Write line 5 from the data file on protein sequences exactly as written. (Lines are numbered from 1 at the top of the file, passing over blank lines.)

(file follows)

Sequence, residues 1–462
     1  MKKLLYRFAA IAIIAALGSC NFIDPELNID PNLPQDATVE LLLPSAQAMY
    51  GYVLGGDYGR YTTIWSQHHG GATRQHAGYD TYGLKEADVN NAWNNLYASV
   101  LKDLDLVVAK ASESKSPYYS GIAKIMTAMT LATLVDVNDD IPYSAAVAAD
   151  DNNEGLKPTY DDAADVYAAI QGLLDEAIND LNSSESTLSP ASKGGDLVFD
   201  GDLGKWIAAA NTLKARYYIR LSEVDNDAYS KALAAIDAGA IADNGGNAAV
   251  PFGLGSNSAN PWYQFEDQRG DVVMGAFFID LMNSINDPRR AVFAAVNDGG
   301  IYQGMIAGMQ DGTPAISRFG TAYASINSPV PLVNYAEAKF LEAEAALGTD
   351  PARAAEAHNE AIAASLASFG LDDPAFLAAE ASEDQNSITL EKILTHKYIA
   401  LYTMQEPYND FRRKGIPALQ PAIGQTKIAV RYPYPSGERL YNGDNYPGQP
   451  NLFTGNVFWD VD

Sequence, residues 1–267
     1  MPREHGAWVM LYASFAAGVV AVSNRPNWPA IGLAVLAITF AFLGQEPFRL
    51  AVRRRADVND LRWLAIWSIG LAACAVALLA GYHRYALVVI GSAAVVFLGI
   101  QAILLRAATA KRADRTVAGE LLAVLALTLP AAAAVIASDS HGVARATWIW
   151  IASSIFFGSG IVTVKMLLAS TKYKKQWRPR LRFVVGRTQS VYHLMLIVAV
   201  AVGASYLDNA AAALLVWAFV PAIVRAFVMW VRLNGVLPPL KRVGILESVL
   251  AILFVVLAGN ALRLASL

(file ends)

   151  DNNEGLKPTY DDAADVYAAI QGLLDEAIND LNSSESTLSP ASKGGDLVFD